+"send fail" operation of the ioctl interface could only ever send
+ENOENT so the re-implementation allows user space to send an actual
+status. Another expensive operation in user space, for those using
+very large maps, is discovering if a mount is present. Usually this
+involves scanning /proc/mounts and since it needs to be done quite
+often it can introduce significant overhead when there are many entries
+in the mount table. An operation to lookup the mount status of a mount
+point dentry (covered or not) has also been added.
+Current kernel development policy recommends avoiding the use of the
+ioctl mechanism in favor of systems such as Netlink. An implementation
+using this system was attempted to evaluate its suitability and it was
+found to be inadequate, in this case. The Generic Netlink system was
+used for this as raw Netlink would lead to a significant increase in
+complexity. There's no question that the Generic Netlink system is an
+elegant solution for common case ioctl functions but it's not a complete
+replacement probably because it's primary purpose in life is to be a
+message bus implementation rather than specifically an ioctl replacement.
+While it would be possible to work around this there is one concern
+that lead to the decision to not use it. This is that the autofs
+expire in the daemon has become far to complex because umount
+candidates are enumerated, almost for no other reason than to "count"
+the number of times to call the expire ioctl. This involves scanning
+the mount table which has proved to be a big overhead for users with
+large maps. The best way to improve this is try and get back to the
+way the expire was done long ago. That is, when an expire request is
+issued for a mount (file handle) we should continually call back to
+the daemon until we can't umount any more mounts, then return the
+appropriate status to the daemon. At the moment we just expire one
+mount at a time. A Generic Netlink implementation would exclude this
+possibility for future development due to the requirements of the
+message bus architecture.
+autofs4 Miscellaneous Device mount control interface
+The control interface is opening a device node, typically /dev/autofs.
+All the ioctls use a common structure to pass the needed parameter
+information and return operation results:
+struct autofs_dev_ioctl {
+ __u32 ver_major;
+ __u32 ver_minor;
+ __u32 size; /* total size of data passed in
+ * including this struct */
+ __s32 ioctlfd; /* automount command fd */
+ __u32 arg1; /* Command parameters */
+ __u32 arg2;
+ char path[0];
+The ioctlfd field is a mount point file descriptor of an autofs mount
+point. It is returned by the open call and is used by all calls except
+the check for whether a given path is a mount point, where it may
+optionally be used to check a specific mount corresponding to a given
+mount point file descriptor, and when requesting the uid and gid of the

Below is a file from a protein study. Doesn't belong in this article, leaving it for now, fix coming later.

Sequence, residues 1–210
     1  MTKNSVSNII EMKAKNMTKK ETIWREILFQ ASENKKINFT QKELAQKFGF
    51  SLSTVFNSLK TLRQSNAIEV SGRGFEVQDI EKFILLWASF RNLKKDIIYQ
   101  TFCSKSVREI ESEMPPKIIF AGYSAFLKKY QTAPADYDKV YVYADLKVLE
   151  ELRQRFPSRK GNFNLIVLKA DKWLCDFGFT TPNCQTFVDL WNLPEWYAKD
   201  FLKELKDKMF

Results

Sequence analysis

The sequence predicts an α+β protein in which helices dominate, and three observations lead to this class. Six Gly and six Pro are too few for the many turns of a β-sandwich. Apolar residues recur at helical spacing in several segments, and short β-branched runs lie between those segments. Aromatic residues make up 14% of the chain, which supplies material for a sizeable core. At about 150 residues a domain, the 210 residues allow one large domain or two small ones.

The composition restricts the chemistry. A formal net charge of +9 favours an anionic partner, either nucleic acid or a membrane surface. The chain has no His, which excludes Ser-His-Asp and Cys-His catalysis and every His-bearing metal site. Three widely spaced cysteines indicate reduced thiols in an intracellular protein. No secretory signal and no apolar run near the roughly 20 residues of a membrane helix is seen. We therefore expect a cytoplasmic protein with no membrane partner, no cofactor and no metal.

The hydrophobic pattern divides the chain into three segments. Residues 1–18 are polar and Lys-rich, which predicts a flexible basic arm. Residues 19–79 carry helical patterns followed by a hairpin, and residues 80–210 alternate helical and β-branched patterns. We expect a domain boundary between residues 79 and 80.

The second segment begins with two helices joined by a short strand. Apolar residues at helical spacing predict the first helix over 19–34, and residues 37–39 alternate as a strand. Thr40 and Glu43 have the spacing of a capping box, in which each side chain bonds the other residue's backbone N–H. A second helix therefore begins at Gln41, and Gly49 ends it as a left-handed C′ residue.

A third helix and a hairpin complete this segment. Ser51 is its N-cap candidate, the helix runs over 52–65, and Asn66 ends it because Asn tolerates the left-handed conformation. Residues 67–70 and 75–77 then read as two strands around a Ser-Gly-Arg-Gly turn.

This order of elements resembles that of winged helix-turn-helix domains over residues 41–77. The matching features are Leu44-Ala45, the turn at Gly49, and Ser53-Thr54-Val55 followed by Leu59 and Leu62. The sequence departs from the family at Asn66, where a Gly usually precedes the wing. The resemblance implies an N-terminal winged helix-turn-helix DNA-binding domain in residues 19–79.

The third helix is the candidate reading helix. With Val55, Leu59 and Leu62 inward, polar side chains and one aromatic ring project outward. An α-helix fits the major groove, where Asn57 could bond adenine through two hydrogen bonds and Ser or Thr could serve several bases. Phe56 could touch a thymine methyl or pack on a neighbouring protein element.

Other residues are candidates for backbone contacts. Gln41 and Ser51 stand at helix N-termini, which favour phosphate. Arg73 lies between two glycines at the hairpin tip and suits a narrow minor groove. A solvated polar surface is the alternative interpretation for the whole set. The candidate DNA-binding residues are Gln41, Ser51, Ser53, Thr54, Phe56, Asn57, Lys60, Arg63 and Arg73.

+last successful mount on a directory within the autofs file system.
+The fields arg1 and arg2 are used to communicate parameters and results of
+calls made as described below.
+The path field is used to pass a path where it is needed and the size field
+is used account for the increased structure length when translating the
+structure sent from user space.
+This structure can be initialized before setting specific fields by using
+the void function call init_autofs_dev_ioctl(struct autofs_dev_ioctl *).
+All of the ioctls perform a copy of this structure from user space to
+kernel space and return -EINVAL if the size parameter is smaller than
+the structure size itself, -ENOMEM if the kernel memory allocation fails
+or -EFAULT if the copy itself fails. Other checks include a version check
+of the compiled in user space version against the module version and a
+mismatch results in a -EINVAL return. If the size field is greater than
+the structure size then a path is assumed to be present and is checked to
+ensure it begins with a "/" and is NULL terminated, otherwise -EINVAL is
+returned. Following these checks, for all ioctl commands except
+AUTOFS_DEV_IOCTL_CLOSEMOUNT_CMD the ioctlfd is validated and if it is
+not a valid descriptor or doesn't correspond to an autofs mount point
+an error of -EBADF, -ENOTTY or -EINVAL (not an autofs descriptor) is
+The ioctls
+An example of an implementation which uses this interface can be seen
+in autofs version 5.0.4 and later in file lib/dev-ioctl-lib.c of the
+distribution tar available for download from kernel.org in directory
+The device node ioctl operations implemented by this interface are:
+Get the major and minor version of the autofs4 device ioctl kernel module
+implementation. It requires an initialized struct autofs_dev_ioctl as an
+input parameter and sets the version information in the passed in structure.
+It returns 0 on success or the error -EINVAL if a version mismatch is
+Get the major and minor version of the autofs4 protocol version understood
+by loaded module. This call requires an initialized struct autofs_dev_ioctl
+with the ioctlfd field set to a valid autofs mount point descriptor
+and sets the requested version number in structure field arg1. These
+commands return 0 on success or one of the negative error codes if
+validation fails.
+Obtain and release a file descriptor for an autofs managed mount point
+path. The open call requires an initialized struct autofs_dev_ioctl with
+the the path field set and the size field adjusted appropriately as well
+as the arg1 field set to the device number of the autofs mount. The